Sometimes people ask me what I think is the hardest part of priesthood. In this season of my ministry, the answer is easy: the hardest thing for me as a priest is to know the path forward and watch people ignore it, avoid it, or otherwise refuse to walk in the way God invites them. I imagine parents have a similar heartache – how painful it must be to watch their children make decisions they know will only come to regret later on! And therein lies the rub of genuine love – it honors free will even when that will is oriented towards something harmful or dangerous.

In moments like this, I am reminded of one of my favorite Old Testament figures: the prophet Jeremiah. His role in the history of God’s people is unenviable – to say the least! He was called to proclaim that Jerusalem would be destroyed, the nation of Judah would suffer greatly, and eventually, that they would all be made captives in a land not their own. All of this was due to Israel’s great sin in forsaking God and worshipping Baal, even to the point of sacrificing their own children.

As you might imagine, Jeremiah was not exactly the life of the party nor welcomed pretty much anywhere. Not only was he tasked with the responsibility of proclaiming his own people’s downfall and calling them to repentance, but they in turn shunned him, even to the point of exiling him or outright plotting to kill him on more than one occasion. Jeremiah never gave up on his people, even when it meant sharing in the sorrows of their punishment, continuing to try to turn them back to the Lord.

The other prophet with whom I relate well is Jonah. He’s a little more well-known, particularly for his time in the whale after he tried to escape God and His instruction to go to Nineveh to call them to repentance. The people of Nineveh – unlike those to whom Jeremiah preached – responded. Not only that, they responded quickly and wholeheartedly. Jonah was only one day into the city when the entire city, from king to commoner, covered themselves in sackcloth and beseeched the Lord for mercy – which He granted them.

What people often overlook in this story is what comes next: the uncovering of Jonah’s heart. Rather than rejoicing with Nineveh at their conversion and God’s graciousness towards them, he is ticked; he didn’t want the Ninevites to be forgiven! He goes out of the city to sulk. Only after a rather miraculous – and convicting – interaction between him and the Lord does the lesson of God’s love begin to sink in.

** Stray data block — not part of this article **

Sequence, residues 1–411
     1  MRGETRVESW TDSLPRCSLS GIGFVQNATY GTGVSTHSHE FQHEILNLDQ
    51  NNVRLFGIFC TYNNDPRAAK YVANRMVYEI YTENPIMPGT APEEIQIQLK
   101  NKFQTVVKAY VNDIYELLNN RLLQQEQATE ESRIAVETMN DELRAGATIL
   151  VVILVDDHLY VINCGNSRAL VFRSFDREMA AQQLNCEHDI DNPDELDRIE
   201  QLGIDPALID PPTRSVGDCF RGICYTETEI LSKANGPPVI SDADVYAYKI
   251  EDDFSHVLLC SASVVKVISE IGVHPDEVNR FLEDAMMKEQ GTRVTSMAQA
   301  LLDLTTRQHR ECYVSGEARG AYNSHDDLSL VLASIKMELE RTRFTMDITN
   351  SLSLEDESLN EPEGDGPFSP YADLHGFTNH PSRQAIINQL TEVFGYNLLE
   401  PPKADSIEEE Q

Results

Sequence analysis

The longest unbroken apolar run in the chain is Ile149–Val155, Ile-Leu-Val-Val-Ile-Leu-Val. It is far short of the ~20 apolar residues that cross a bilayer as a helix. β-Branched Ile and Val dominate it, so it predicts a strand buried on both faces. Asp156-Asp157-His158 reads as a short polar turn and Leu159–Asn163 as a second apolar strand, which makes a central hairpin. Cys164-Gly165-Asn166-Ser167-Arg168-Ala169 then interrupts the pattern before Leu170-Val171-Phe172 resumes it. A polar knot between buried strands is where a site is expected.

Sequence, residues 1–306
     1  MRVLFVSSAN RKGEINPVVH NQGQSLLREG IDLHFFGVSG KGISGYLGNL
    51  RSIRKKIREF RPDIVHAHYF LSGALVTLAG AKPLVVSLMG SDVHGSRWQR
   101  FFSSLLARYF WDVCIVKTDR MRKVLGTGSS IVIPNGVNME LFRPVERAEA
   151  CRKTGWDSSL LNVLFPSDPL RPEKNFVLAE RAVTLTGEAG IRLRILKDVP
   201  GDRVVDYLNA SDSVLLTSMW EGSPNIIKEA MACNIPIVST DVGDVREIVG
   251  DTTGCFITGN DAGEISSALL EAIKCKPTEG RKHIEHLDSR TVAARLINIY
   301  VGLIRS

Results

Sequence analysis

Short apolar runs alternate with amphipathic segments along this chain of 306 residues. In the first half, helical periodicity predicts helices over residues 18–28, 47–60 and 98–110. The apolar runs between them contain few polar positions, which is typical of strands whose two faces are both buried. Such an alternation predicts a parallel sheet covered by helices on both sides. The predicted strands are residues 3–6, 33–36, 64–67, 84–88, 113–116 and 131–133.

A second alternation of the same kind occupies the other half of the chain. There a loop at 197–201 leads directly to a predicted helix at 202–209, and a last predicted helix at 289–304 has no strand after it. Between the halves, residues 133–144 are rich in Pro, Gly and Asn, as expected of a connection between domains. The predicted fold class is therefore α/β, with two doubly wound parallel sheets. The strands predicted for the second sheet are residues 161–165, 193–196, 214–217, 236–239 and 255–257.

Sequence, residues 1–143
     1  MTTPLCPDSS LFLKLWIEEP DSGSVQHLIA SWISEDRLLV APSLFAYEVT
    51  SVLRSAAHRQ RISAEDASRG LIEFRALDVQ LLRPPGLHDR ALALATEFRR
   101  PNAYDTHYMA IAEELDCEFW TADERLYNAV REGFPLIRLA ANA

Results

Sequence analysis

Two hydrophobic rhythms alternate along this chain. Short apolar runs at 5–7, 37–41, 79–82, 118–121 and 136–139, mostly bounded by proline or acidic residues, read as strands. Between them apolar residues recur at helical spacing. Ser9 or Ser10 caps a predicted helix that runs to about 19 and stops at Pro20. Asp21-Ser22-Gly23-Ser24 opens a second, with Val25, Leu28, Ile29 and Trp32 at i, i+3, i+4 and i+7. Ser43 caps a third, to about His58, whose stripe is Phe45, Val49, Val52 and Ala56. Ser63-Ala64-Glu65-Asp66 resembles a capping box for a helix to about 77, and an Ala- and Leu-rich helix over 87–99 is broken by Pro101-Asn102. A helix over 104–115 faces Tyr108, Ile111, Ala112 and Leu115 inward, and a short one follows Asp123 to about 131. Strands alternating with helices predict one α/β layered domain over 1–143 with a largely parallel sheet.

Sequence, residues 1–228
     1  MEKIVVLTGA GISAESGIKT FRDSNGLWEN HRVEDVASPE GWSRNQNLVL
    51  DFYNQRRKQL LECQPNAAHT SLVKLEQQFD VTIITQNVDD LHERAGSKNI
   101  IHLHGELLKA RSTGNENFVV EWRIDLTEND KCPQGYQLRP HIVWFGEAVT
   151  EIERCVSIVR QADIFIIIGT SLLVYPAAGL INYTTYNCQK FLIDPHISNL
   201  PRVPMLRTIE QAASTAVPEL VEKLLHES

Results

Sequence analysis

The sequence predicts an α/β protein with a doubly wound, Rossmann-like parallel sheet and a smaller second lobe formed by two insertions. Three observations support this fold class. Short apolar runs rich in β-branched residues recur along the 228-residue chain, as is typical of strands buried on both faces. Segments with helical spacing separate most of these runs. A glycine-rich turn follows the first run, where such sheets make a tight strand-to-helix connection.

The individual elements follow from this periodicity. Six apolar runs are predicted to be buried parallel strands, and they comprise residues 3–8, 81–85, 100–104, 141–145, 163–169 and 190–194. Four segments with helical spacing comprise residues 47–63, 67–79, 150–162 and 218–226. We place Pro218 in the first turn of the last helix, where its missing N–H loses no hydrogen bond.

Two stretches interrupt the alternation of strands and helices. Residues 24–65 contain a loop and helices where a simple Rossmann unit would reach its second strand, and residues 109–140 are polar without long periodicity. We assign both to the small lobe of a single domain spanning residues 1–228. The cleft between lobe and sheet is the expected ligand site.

The tension between the vindictiveness of Jonah and the faithfulness of Jeremiah is stark. To be sure, Jonah grew in fidelity and kindness and I’ve no doubt that Jeremiah was tempted to despair & anger. Still, when it comes to who I want to model myself after, Jeremiah wins hands down every time.

And yet, I sympathize so much with Jonah’s frustration & anger – or more accurately, I often share in it. Whether it is in the sentiment of ‘what’s the point?’ (that God is going to be gracious no matter my efforts) or a darker ‘I want to see someone get theirs!’, I see more clearly the temptation to enter into the same self-righteousness – and self-pity – that drove Jonah to first run from the Lord and then go off and sulk when the Lord didn’t live up to his hopes for some divine smiting.

Years ago a then-new priest shared with me that he often found particular inspiration for preaching in the first reading at Mass. This surprised him, because he understood himself and his priesthood to be ordered towards Christ. Surely the Old Testament would take lower priority than the Gospel!? And yet, there he was, preaching on the Old Testament – and finding (and sharing!) greater understanding of Jesus in the process.

It seems to me that God’s self-revelation to His people – and their relationship with Him – in Old Testament often gets short shrift from Christians….forgetting that Jesus Himself was formed by the Old Testament, constantly quoted it, and used it to bring people closer to Him and His Father.

As an imperfect, often struggling Christians, sitting with all of those who have gone before us in faith is a gift we ought not deny ourselves. We may unexpectedly find brothers & sisters who have shared in our hardships and difficulties – and who can model for us how we they might be overcome by and with the Lord.